Talking about sex in many African societies is considered taboo
By Bonface Otieno Kanyamwaya
Beverly Munga is an extraordinary entrepreneur. She says when she returned to Kenya in 2013 from Birmingham University armed with a Masters Degree in Law, she wanted to venture into business because getting a job was a headache.
“Things were tough. I had to do something to make ends meet as going back to my parents was not an option,” she says.
It was at this point that she decided to venture into business — not selling clothes, phones or shoes, but sex toys through her company-G-Spot Kenya where she is chief executive.
“I wanted to do something outside the box,” she says.
The bachelorette says when she was starting out, things were tough as people ridiculed her and wondered why she was selling sex toys with a Masters Degree in law.
“When I started I thought ‘oh-my god is it going to sell or am I just doing this for fun to pass the time?”
Three years down the line, her business has grown in leaps and bounds. For instance, in a month, she makes a profit of between Ksh150,000 (US$1,500) to Ksh250,000 (US$2,500).
“Out of a starting capital of Ksh100,000 (US$1,000), within a month, I had made a profit of Ksh300,000,” she says.
Furthermore, she has employed four people to help her deliver the products.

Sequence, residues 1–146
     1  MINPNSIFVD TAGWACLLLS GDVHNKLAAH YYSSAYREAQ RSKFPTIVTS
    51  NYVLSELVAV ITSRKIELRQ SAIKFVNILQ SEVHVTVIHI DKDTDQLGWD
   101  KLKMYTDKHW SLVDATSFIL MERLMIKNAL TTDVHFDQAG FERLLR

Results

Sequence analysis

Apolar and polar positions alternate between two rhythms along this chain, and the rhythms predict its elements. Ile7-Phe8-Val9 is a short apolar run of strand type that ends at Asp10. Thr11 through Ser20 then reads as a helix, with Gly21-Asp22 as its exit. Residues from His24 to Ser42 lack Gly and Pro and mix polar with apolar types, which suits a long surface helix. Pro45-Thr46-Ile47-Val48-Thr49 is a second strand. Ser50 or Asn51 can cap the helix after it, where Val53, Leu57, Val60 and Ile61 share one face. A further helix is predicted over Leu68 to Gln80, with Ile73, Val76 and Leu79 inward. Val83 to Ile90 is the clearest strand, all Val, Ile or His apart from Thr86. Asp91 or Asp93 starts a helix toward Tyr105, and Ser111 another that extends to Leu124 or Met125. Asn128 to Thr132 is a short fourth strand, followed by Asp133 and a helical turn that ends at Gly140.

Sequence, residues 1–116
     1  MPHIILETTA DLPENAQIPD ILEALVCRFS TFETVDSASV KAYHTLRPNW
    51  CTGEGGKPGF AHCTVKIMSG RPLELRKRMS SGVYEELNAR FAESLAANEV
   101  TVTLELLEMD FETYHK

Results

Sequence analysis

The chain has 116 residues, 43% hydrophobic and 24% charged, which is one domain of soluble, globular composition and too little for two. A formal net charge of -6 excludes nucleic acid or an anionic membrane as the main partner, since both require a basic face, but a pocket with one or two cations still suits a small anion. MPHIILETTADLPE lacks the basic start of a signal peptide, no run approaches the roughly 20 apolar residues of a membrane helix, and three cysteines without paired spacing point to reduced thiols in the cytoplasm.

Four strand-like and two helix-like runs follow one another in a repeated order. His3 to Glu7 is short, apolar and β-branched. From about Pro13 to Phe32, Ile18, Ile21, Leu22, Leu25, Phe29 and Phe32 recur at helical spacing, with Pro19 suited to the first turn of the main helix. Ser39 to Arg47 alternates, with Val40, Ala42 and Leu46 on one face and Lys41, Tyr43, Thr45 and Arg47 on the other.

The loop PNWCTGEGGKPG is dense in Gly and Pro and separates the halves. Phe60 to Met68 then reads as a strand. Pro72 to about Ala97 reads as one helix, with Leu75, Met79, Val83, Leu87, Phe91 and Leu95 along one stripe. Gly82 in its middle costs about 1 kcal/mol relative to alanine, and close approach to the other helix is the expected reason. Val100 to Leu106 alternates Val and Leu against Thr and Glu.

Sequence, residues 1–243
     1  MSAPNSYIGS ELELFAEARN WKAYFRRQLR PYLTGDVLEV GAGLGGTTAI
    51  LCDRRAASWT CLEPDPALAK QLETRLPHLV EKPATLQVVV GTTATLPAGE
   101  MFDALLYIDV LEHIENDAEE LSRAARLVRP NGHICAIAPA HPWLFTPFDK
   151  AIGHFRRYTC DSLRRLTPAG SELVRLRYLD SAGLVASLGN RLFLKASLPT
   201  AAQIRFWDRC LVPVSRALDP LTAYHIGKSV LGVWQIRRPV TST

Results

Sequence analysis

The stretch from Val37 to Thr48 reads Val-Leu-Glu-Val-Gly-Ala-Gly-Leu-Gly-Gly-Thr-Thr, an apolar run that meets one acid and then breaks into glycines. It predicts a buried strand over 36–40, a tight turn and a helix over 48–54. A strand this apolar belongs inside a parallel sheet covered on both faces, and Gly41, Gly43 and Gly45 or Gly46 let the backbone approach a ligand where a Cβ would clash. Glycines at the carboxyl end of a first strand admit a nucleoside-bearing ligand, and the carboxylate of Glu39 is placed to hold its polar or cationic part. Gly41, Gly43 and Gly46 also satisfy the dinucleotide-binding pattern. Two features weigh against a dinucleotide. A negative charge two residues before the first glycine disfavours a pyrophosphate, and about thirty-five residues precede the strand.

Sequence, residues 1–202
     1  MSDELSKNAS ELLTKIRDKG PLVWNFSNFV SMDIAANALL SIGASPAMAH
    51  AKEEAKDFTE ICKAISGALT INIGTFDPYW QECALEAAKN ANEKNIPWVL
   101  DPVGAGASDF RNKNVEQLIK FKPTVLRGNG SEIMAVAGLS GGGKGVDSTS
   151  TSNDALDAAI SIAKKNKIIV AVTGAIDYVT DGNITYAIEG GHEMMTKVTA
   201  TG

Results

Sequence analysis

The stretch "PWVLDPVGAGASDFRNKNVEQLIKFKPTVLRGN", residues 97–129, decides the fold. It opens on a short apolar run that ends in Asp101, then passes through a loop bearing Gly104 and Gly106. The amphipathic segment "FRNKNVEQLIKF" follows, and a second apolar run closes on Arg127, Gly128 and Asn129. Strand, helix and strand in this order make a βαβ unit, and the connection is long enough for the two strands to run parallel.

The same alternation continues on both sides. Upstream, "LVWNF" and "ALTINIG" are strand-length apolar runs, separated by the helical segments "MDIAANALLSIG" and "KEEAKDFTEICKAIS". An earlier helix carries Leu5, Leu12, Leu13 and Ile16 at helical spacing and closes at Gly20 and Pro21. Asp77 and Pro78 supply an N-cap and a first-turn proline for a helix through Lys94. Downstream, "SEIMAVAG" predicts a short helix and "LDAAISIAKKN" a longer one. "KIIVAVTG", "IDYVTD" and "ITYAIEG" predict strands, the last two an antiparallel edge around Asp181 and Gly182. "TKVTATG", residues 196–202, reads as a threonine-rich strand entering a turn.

As if this is not enough, her clientele base has grown over the years as she now supplies other countries in East Africa such as Uganda, Tanzania and South Sudan.
She notes that unlike other companies in this business, G-Spot sells pocket friendly products such as vibrators, couples fetish and masturbators, among others, priced from as low as Ksh1,000 (US$10) to Ksh10,000 (US$100).
“We stand for sexual liberation, experimental and mind blowing satisfaction. We encourage sexual awakening as we are the trusted authority in the market in Kenya,” she says.
Munga notes that most of her clients who are mainly married women and single ladies make orders online and she has to to deliver wherever they are.
She says clients who have developed confidence in her usually confess about their husbands who are too consumed in politics or business to perform their conjugal duties properly.
“ For one to successfully survive in this business, you must tailor your operations in such a way that you treat your customers and the whole transaction with total confidentially,” says Munga.
One of the challenges Munga faces is marketing.
For instance, she says, she can’t just go on a morning radio talk show and start talking about her business as society believes sex is immoral.
“In Nigeria, Ghana and South Africa, one can sell sex toys on Jumia and OLX. I wish this was the same here in Kenya,” she says.
However, she has recently resorted to use social media and her website to market her products.
Munga says she looks forward to establishing a high end sex shop in a nicely location along Valley Arcade or Riverside Drive.
“It will be located in a strategic place where you can be able to see other products that I intend to sell such as bras, panties and heels,” she adds.
Also, she says she is looking forward to expanding her business into other countries such as Rwanda and Burundi.
Finally, she hopes that she will also start selling her products on wholesale in the next few months.
“I have so many clients requesting me to sell my products wholesale, especially in Uganda, so that they can resell,” she says.